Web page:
Speaking of pipe dreams, that's what longing to feel how a car handles under their control is. You know what people long to do? Nap or work or surf the web in traffic on their way to and from work. Or shopping for that matter. They couldn't care less how their car handles in rush hour traffic.

People who long how to feel how their cars handle buy sports cars that are rarely used for commuting. The vast majority of cars are work horses... Camrys, Accords, Priuses, Jettas, Volts, Bolts, F250s, etc.

The speed with which people will loosen their grips on steering wheels will be lightning fast.

Mark my words.
Okay ..your words are marked.. I read that millennials do in fact like buying cars and have longer payment schedules because how expensive cars are today.. The only thing that is going to get people out if cars is if people start dropping over dead from the pollution killing them from car fumes...and even then only if happens to some one in their family.. Personally I would love the Holland approach to getting around but don't think America is heading that way any time soon.. Suzy spoil sport here..hehehe
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Old 12-05-17, 08:28 PM
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Originally Posted by jon c.
And even if people had computers, the infrastructure costs of actually connecting everyone's home would render this little more than a pipe dream. The internet will surely be restricted to limited traffic at military installations and major research facilities.
Yet, despite the obvious and undeniable impracticalities of this internet thing, some people got suckered in by all the hype and are investing heavily in it. They might as well just take that money and flush it down the toilet.

(This one idiot is trying to sell books over the internet and looking for investors (suckers). What a stupid idea that is - why would I order a book over the internet when I can just go to the bookstore and get the book right now?)
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Old 12-05-17, 08:56 PM
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Originally Posted by tyrion
Yet, despite the obvious and undeniable impracticalities of this internet thing, some people got suckered in by all the hype and are investing heavily in it. They might as well just take that money and flush it down the toilet.

(This one idiot is trying to sell books over the internet and looking for investors (suckers). What a stupid idea that is - why would I order a book over the internet when I can just go to the bookstore and get the book right now?)


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Old 12-05-17, 10:04 PM
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Originally Posted by tyrion
Yet, despite the obvious and undeniable impracticalities of this internet thing, some people got suckered in by all the hype and are investing heavily in it. They might as well just take that money and flush it down the toilet.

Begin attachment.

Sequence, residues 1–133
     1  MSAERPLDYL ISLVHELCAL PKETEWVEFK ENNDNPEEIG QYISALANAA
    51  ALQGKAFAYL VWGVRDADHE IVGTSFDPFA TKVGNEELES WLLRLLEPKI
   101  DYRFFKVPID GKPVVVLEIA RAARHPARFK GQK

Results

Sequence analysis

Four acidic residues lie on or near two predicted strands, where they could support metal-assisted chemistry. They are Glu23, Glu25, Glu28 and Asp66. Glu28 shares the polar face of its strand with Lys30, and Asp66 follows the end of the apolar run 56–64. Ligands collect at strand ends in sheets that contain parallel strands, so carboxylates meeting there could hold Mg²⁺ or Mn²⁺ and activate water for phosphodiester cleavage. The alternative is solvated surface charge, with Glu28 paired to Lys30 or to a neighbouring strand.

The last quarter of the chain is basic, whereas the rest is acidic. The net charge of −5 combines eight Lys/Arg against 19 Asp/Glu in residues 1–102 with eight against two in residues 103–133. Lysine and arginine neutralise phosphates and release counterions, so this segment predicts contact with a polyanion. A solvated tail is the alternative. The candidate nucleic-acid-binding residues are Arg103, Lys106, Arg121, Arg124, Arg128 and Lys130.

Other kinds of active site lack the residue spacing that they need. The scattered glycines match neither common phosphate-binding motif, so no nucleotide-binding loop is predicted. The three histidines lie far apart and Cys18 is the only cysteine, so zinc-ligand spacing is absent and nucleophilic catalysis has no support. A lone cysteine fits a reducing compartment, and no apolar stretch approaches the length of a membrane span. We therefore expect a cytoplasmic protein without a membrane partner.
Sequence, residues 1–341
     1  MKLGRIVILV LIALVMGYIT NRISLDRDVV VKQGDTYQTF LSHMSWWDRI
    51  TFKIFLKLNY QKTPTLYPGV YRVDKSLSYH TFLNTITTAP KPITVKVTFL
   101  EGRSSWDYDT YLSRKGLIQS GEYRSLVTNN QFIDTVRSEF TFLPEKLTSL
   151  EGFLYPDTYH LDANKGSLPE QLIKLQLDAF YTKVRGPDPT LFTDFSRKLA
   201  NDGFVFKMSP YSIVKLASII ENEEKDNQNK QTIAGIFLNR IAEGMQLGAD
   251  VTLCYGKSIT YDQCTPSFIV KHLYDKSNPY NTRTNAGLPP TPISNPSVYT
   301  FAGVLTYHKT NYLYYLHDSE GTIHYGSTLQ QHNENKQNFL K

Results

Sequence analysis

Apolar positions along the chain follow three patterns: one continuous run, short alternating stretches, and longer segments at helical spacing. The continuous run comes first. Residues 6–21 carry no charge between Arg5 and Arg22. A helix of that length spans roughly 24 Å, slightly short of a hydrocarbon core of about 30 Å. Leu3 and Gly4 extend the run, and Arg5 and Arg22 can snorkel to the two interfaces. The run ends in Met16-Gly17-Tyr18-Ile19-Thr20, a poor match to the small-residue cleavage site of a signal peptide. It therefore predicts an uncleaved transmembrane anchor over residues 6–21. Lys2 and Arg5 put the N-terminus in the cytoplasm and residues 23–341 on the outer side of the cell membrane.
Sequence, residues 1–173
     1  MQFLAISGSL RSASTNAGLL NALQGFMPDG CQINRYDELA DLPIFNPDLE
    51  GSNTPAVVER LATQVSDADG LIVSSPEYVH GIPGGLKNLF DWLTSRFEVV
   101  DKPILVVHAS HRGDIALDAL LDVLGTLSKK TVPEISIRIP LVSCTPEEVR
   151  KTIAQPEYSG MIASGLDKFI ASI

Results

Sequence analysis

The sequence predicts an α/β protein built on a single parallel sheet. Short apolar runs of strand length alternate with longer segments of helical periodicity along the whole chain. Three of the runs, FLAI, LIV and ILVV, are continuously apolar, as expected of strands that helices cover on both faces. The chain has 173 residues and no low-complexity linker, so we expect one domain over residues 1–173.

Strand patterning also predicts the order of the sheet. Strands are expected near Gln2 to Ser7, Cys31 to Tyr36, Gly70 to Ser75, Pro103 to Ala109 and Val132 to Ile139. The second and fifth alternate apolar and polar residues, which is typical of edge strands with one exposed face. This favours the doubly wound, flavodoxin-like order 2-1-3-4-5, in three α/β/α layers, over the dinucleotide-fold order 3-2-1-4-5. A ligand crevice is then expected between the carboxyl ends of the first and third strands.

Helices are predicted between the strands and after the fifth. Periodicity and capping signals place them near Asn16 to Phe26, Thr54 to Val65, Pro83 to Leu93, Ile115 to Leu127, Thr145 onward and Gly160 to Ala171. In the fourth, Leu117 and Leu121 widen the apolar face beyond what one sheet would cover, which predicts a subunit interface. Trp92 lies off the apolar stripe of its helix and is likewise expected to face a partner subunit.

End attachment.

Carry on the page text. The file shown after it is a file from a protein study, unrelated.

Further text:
(This one idiot is trying to sell books over the internet and looking for investors (suckers). What a stupid idea that is - why would I order a book over the internet when I can just go to the bookstore and get the book right now?)
Another point, when you order an online version of a book, do you actually own it? I believe Richard Stallman nicknamed that particular device as the "swindle". His argument against that device, was that it does not allow you to pay cash and remain anonymous, something that might still be possible with a bricks and mortar book store.

Most likely the majority of these autonomous vehicles will be rental use only, the end users will not be allowed to tinker with the software. Which will be closed source, and DMCA protected, just like current electronics on modern cars.

The companies involved are considered, "too big to fail".

I'm sure all of the employees working with AV's have to sign NDA agreements.

What could go wrong eh?
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Old 12-06-17, 12:31 AM
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Originally Posted by SHBR
Another point, when you order an online version of a book, do you actually own it? I believe Richard Stallman nicknamed that particular device as the "swindle". His argument against that device, was that it does not allow you to pay cash and remain anonymous, something that might still be possible with a bricks and mortar book store.

Most likely the majority of these autonomous vehicles will be rental use only, the end users will not be allowed to tinker with the software. Which will be closed source, and DMCA protected, just like current electronics on modern cars.

The companies involved are considered, "too big to fail".

I'm sure all of the employees working with AV's have to sign NDA agreements.

What could go wrong eh?
I don't understand your point or concern.

Most AVs will be rented, but mostly just for one trip, one-way, at a time, though keeping one for a day, or longer, should also be possible, for prices comparable to renting a normal car.

I think the cost of ownership and maintenance will probably be distributed to small local companies that will join a riding hailing service like Uber. So instead of owning and driving one car for Uber, you'll own and maintain a small fleet. And, just like drivers can work for Uber and Lyft, your AVs can be hired through Uber or Lyft.

Uber will make more money by owning its own cars, but I expect ride prices to be very competitive, profit margins thin, and it will make more sense to mitigate capital investment risk through small owners.